Six Pitfalls of NBA Management, Part 1: Passing on the Best Player

Buy The ClippersContributor IMarch 22, 2010

CHICAGO - MARCH 09: C.J. Miles #34 of the Utah Jazz puts up a shot between Brad Miller #52 and Loul Deng #9 of the Chicago Bulls at the United Center on March 9, 2010 in Chicago, Illinois. The Jazz defeated the Bulls 132-108. NOTE TO USER: User expressly acknowledges and agrees that, by downloading and/or using this Photograph, User is consenting to the terms and conditions of the Getty Images License Agreement. (Photo by Jonathan Daniel/Getty Images)
Jonathan Daniel/Getty Images

Fans of bad NBA teams, perpetually bad teams, will try to tell you their plight is a result of plain, old, bad luck.

They have suffered through years of untimely injuries, unforeseen circumstances, bad bounces, poor officiating, unjust suspensions, or the fact that they’re the Utah Jazz. Whenever they’re questioned about the shortfalls of their team, they quickly, and with a complete lack of cynicism or self-awareness, point to these variables.

They claim the failures of their team are the result of things beyond the control of the team.

They point to the fact that every championship team needs a little bit of good luck to win (or just that they can’t be called the Utah Jazz), and that they just haven’t been sprinkled with the pixie dust yet.

How do I respond to this? In a word, HOOEY!

The way I see it, there are six things that bad franchises do that make them bad franchises.

And, as luck would have it, there are six things that good franchises don’t do to continue being good franchises. Believe it or not, they are the same six things. Before I impart of this zen-like wisdom, let me make one thing quite clear.

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Bad franchises suck because they have sucky ownership and sucky management. As Poppy would say, on this, there canna be no debate!

It isn’t luck or a curse or misfortune or karma or even dharma for that matter. That’s just something long suffering fans say to make themselves feel better and to give themselves hope that it can be turned around.

Let me save all of you long suffering fans some grief—your team has sucked, sucks now, and will continue to suck, until you get new ownership and new management.

The respective front offices of these bad teams have the collective basketball acumen of a large pile of poo. They just don’t get it, and they never will.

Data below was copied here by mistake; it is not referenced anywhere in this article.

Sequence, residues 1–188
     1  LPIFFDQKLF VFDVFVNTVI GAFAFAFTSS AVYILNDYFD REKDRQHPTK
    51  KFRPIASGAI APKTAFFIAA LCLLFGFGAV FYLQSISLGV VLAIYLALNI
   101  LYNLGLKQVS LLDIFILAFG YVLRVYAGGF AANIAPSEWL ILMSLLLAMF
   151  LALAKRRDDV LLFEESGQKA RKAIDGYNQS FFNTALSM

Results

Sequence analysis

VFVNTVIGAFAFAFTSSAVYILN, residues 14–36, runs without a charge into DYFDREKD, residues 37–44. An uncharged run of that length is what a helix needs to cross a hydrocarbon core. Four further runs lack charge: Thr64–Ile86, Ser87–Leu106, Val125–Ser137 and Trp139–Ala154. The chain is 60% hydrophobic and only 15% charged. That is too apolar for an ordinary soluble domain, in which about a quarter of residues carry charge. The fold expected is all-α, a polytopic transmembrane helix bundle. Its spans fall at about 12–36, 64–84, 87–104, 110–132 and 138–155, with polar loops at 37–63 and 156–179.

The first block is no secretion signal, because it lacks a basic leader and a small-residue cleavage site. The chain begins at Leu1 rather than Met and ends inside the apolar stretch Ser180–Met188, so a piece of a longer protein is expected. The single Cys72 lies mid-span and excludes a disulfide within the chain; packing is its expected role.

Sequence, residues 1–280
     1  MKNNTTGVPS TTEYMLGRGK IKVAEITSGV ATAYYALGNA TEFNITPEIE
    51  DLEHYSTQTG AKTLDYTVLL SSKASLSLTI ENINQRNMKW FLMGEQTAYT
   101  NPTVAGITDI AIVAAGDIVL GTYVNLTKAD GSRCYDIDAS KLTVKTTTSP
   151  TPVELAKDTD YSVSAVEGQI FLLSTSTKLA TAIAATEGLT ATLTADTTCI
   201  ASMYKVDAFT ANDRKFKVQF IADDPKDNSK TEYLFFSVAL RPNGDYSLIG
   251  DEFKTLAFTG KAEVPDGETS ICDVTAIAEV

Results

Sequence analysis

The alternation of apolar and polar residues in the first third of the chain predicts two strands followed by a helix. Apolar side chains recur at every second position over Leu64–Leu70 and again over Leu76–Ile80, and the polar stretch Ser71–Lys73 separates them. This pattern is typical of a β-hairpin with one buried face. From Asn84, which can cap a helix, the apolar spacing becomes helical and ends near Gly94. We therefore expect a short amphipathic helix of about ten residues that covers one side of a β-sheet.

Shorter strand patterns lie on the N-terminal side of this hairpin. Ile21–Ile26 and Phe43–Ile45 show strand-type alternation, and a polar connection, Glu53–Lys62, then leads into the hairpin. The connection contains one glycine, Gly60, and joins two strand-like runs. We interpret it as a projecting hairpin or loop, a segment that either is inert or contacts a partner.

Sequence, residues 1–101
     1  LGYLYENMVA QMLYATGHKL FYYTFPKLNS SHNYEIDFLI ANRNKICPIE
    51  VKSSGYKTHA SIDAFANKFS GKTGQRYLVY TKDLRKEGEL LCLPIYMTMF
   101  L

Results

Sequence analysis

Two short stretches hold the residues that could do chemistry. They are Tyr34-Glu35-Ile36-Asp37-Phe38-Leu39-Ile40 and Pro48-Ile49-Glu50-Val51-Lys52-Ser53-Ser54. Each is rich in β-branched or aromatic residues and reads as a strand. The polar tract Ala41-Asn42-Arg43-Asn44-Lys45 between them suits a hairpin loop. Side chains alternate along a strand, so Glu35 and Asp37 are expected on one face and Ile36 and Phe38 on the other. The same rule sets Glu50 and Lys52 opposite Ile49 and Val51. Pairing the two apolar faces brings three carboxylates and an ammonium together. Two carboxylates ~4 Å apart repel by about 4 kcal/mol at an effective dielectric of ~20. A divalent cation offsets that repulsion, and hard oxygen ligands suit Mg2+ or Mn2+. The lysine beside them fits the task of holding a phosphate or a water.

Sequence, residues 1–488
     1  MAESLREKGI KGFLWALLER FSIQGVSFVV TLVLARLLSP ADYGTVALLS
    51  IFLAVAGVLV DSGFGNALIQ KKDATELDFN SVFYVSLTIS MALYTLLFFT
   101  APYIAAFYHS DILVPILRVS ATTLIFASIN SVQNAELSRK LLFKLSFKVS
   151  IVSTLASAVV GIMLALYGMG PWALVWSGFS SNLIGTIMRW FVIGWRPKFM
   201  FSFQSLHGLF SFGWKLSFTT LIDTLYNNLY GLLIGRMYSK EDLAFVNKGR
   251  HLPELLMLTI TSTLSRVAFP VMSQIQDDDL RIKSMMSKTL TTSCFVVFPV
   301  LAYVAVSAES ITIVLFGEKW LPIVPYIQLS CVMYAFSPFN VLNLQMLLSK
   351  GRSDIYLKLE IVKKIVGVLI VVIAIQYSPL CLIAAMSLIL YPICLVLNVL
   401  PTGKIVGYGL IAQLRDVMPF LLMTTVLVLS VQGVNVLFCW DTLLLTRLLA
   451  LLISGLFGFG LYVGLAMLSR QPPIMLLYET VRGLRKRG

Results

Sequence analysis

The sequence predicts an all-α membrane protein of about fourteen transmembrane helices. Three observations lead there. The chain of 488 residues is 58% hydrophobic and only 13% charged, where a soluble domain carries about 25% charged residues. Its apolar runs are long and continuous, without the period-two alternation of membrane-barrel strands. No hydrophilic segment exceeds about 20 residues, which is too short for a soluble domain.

They say that the definition of insanity is doing the same thing over and over again and expecting different results.

Trust me, if you’re a fan of one of these teams, and you are expecting things to turn around without a major shake-up at the top, you are driving yourself insane. This is your wake-up call! Wake up! Your team is horrendous.

They are steeped in mediocrity, and will remain that way.

If you think next year could be your year, you are deluding yourself. Either that, or you’re a Jazz fan. How do I know this is true? Because your crappy franchise falls guilty to at least four, if not all, of the following pitfalls of NBA team management.

These are time honored rules of putrescence, which in many cases are followed to the letter as if they were the bible of basketball.

Why do so many teams succumb to these evils? I have some ideas, but I’ll get into another time (my favorite theory being that a lot of these owners and GM’s just aren’t that smart. I mean, take a look at the lot of them. Can you imagine any of them doing well on a Mensa quiz?).

But for evidence that teams can turn around their fortunes simply by installing new management, look no further than Mark Cuban. In the 20 years before Cuban bought the team, the Mavs had a winning percentage of 40%.

In the six years following, the team won 69% of their regular season games and reached the playoffs in each of those seasons. As my statistics professor would have said (had I ever taken a class on statistics), “this is statistically significant.”

So, without further ado, here is the first of the six most common pitfalls of NBA franchises:

1) Draft the Best Player Available…or Not.

It has become routine for teams to ignore the best player remaining on the board, in favor of lesser talent for other reasons. But before I explain the two major reasons why teams would do such a thing, go back and read that last sentence again and let it sink in.

Teams routinely ignore the best player on the board in favor of a lesser player.

What is more striking about that statement, that the phenomenon happens at all, or that it has become routine? It is absolutely illogical for a team to pass on the best player available.